World No.2 Daniil Medvedev accomplished a daunting task of beating the World No.1 Novak Djokovic in the recently concluded finals of the 2021 US Open. Not only did the Russian stop the Serbian star from achieving the elusive, Calendar Grand Slam, but he also prevented Djokovic from winning his 21st Major title.
Although Medvedev has beaten Djokovic a few times on the ATP tour, he could never get on the winning side in the Grand Slams, in their previous two meetings. Earlier in the year in Melbourne, the newly crowned US Open champion met the 20-time Grand Slam winner. Unfortunately, the nine-time Aussie Open champion tamed the Russian in three sets.
Speaking about the turnaround in New York, Medvedev’s coach, Gilles Cervara spoke to TennisMajors on how his charge exacted revenge on the top seed.
“In February, he was missing an invisible, energetic aspect. I don’t like the word mental, but it wasn’t up to par. Daniil came out of two very strong matches in the quarter-finals and the semi-finals (no sets lost against Andrey Rublev then Stefanos Tsitsipas, editor’s note). I think with his inexperience in the Grand Slam finals he figured that was going to be enough and that was a real mistake. Daniil and Francisca (Dauzet, his mental trainer) had noted this aspect in the debrief. Everyone on the team learned from this experience. It was a key to this final on our side. Novak’s level is something else, anyway, we were ready.”
When quizzed on whether the World No.2 produced the best tennis of his life at the US Open, the 40-year-old coach opined that as a team they did work on a few areas of Medvdev’s game post the Tokyo Olympics, which paid dividends eventually.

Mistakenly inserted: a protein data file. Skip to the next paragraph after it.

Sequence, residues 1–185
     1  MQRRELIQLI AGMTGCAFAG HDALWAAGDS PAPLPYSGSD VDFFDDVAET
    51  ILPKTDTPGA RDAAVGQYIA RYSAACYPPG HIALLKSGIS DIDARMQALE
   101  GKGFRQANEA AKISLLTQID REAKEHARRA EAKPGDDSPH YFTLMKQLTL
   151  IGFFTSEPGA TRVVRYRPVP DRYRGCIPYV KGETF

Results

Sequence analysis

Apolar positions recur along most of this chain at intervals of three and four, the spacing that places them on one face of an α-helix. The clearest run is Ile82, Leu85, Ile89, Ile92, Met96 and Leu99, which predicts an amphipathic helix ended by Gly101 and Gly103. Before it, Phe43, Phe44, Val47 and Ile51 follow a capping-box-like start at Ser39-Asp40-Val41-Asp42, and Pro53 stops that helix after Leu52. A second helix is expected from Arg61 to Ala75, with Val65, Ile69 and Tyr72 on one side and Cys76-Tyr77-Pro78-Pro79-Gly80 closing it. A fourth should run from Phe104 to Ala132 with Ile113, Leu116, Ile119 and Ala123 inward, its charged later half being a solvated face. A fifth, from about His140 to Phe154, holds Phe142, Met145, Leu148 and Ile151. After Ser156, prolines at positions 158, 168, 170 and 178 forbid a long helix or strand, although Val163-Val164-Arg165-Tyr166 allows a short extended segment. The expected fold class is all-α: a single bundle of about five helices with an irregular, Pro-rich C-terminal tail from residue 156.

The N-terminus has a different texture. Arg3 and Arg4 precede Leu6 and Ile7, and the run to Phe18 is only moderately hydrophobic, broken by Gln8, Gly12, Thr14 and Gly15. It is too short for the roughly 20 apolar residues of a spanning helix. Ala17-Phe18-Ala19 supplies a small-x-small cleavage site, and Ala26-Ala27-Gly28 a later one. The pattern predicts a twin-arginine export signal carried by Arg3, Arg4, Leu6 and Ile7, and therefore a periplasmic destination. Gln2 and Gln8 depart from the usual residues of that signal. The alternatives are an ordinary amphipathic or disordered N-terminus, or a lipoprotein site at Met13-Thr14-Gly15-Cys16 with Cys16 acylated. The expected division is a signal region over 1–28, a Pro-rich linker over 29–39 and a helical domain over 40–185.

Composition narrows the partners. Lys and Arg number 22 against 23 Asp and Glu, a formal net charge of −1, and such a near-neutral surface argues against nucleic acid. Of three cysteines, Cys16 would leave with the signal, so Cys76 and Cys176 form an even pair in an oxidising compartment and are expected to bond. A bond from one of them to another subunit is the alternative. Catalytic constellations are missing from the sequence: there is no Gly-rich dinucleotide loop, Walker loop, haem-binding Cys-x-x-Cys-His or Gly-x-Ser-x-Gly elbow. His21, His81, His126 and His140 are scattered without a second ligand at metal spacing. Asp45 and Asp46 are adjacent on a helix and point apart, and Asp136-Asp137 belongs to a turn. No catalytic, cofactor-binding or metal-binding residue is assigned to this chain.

“I can’t say it that way. I can say that I had detected several areas of the game that weren’t up to par after the Olympics (quarterfinal loss to Carreño Busta) and that fed my training goals after Tokyo. In New York, I saw that he was at the required level on all these points and that was decisive in his development to a very high level of tennis. But to say that this is “his best level” is too abstract for me.”
“It’s a formula that can refer to playing all the balls hard and getting it all in. His US Open was not like that. On the other hand, I note that he can slam an ace on every first and that he has a stable percentage. At 0-30 or 15-40, you know he can come back, and that’s very strong,” Cervara opined.
Medvedev can win Wimbledon, but not French Open
Before signing off, the French coach also shared his views on whether his pupil can make an impact on the clay and may be even win the French Open going ahead. In a candid manner, Cervara had little hesitation in stating that while Medvedev has a realistic shot at winning Wimbledon, success in Paris is very unlikely.
“Roland-Garros, I say no. Wimbledon, I say yes. On the tennis front, yes, but the stake on this surface, in his case, 80%, lies in the approach. I still cannot guarantee that his problems in approaching the clay courts are behind us.”
Meanwhile, Medvedev is expected to show up in Boston for the upcoming Laver Cup, where he will represent Team Europe, before flying to California to play the tournament in Indian Wells.